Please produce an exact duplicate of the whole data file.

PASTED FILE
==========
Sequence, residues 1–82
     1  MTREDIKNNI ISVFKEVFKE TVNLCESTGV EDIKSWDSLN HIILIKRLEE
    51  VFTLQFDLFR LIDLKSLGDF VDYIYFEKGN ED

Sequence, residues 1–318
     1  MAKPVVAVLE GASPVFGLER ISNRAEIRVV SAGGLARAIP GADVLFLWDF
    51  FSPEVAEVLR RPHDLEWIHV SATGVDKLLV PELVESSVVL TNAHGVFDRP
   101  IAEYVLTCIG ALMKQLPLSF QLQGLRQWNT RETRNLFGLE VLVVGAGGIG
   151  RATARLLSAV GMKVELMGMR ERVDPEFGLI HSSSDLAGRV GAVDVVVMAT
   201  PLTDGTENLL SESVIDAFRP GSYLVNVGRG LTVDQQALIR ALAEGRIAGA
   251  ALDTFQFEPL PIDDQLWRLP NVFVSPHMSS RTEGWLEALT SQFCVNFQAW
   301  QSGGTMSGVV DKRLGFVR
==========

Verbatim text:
Sequence, residues 1–82
     1  MTREDIKNNI ISVFKEVFKE TVNLCESTGV EDIKSWDSLN HIILIKRLEE
    51  VFTLQFDLFR LIDLKSLGDF VDYIYFEKGN ED

Sequence, residues 1–318
     1  MAKPVVAVLE GASPVFGLER ISNRAEIRVV SAGGLARAIP GADVLFLWDF
    51  FSPEVAEVLR RPHDLEWIHV SATGVDKLLV PELVESSVVL TNAHGVFDRP
   101  IAEYVLTCIG ALMKQLPLSF QLQGLRQWNT RETRNLFGLE VLVVGAGGIG
   151  RATARLLSAV GMKVELMGMR ERVDPEFGLI HSSSDLAGRV GAVDVVVMAT
   201  PLTDGTENLL SESVIDAFRP GSYLVNVGRG LTVDQQALIR ALAEGRIAGA
   251  ALDTFQFEPL PIDDQLWRLP NVFVSPHMSS RTEGWLEALT SQFCVNFQAW
   301  QSGGTMSGVV DKRLGFVR